Tuesday, May 8, 2012

Sanal Edamaruku and Indian Blasphemy Laws

In March, 2012, worshipers at the Church of Our lady of Velankanni, a Catholic church in Mumbai, India's financial centre, reported seeing a statue of Jesus on a crucifix with water collecting like tears at its feet. Soon after, hundreds of people began to arrive at the church to see the 'miracle' and collect drops of the water in bottles.

Sanal Edamaruku, author and head of the Indian Rationalist Organisation, was asked to investigate by television channel TV-9. He found that water was building up close to the crucifix from a broken drain, passing up the wall due to capillary action and collecting on the statue. He later reported this during a televised interview and debate. It might be expected that this would have been the end of the matter, but soon afterwards formal complaints were filed against Edamaruku for inciting racial and religious hatred under British colonial-era legislation which obliges the state to punish those who offend the faith of others. Arrest warrants are currently out for him and he faces the prospect of three years in prison if tried and found guilty.

While it does seem to me that his comments did cause offence to believers of the 'miracle', I don't think he set out deliberately to do so, but rather to carry out a rational investigation. It also seems strange that a country like India, founded on secularism, may be prepared to punish one of its citizens under a law on blasphemy. However, you may take the view that there was no need to debunk a phenomenon which was bringing comfort and happiness to a large number of people and, under the letter of the law, he did cause offence regardless of his motives. The application of this law reminds me in some ways of the case of Simon Singh, the science author who was sued for libel by the British Chiropractic Association (BCA) after he critisised their claims of being able to heal a number of childhood illnesses by massage of the spine.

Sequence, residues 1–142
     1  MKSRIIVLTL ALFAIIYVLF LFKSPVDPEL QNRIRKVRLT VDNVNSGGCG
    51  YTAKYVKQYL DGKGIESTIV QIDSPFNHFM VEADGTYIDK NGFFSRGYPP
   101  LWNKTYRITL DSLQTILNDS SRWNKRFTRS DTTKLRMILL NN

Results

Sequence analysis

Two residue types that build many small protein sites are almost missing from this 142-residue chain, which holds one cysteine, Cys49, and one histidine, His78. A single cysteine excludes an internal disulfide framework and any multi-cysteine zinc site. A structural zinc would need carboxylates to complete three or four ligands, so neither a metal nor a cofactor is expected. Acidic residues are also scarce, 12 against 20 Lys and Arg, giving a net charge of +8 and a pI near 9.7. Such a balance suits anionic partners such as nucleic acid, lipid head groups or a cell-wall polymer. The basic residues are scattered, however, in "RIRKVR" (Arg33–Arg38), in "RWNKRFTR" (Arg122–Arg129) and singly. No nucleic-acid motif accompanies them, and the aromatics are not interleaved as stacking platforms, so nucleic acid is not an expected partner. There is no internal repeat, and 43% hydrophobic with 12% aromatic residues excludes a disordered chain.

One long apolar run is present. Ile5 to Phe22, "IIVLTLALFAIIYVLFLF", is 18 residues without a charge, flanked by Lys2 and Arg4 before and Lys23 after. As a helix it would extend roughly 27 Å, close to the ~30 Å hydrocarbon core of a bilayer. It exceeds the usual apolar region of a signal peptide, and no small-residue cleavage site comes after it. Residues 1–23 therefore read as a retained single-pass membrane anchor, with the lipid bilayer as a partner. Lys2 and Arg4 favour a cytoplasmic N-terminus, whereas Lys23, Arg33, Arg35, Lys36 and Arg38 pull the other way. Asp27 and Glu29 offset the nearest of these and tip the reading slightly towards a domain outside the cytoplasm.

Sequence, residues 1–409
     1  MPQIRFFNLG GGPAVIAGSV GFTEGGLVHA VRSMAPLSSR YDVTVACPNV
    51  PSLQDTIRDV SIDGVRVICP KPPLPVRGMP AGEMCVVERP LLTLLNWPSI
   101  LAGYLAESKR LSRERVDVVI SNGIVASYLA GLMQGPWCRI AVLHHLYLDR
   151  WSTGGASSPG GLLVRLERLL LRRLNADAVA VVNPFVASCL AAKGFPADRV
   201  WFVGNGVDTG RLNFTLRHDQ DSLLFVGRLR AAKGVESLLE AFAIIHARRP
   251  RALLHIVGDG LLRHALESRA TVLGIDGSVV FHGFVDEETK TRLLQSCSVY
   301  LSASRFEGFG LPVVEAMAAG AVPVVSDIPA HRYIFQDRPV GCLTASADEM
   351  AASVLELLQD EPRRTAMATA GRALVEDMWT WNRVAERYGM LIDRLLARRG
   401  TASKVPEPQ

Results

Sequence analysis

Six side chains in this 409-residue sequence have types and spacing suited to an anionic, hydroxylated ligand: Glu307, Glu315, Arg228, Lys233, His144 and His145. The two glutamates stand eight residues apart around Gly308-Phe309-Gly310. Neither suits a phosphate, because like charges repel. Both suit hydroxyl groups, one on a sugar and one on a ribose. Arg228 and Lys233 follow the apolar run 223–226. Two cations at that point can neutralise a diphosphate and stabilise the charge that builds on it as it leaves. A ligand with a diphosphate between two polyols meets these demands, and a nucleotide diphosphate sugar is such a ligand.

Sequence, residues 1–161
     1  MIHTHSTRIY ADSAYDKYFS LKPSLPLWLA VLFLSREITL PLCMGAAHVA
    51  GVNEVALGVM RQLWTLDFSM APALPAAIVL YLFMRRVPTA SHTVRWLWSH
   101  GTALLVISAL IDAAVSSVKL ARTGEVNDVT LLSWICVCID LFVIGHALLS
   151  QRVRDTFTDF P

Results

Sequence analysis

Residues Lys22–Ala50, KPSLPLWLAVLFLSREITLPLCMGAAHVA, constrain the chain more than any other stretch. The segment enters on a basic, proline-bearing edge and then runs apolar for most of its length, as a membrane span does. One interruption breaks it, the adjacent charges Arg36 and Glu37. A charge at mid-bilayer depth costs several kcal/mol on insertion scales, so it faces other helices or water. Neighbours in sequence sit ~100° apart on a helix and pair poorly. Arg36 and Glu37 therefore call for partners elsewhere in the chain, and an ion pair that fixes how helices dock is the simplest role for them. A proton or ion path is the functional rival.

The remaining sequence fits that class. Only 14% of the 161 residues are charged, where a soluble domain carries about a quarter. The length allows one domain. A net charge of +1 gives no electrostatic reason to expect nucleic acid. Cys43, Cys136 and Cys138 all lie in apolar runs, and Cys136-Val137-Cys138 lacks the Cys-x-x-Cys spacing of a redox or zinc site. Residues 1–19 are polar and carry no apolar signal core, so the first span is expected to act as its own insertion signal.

Edamaruku's blog can be found here, and, below, I've posted an article about his story from the Indian newspaper, the Hindu:
  Debunking a Miracle

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